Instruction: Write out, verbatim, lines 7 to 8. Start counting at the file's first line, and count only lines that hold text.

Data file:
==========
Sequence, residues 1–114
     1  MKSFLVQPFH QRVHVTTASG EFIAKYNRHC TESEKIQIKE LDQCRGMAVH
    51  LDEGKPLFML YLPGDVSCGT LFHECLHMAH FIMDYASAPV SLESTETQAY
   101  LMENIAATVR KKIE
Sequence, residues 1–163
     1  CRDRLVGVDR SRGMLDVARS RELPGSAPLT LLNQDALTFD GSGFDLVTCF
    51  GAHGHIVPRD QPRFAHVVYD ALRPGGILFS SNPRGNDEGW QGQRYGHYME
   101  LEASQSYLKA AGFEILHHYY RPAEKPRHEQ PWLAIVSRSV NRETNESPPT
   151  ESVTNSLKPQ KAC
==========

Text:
    51  GAHGHIVPRD QPRFAHVVYD ALRPGGILFS SNPRGNDEGW QGQRYGHYME
   101  LEASQSYLKA AGFEILHHYY RPAEKPRHEQ PWLAIVSRSV NRETNESPPT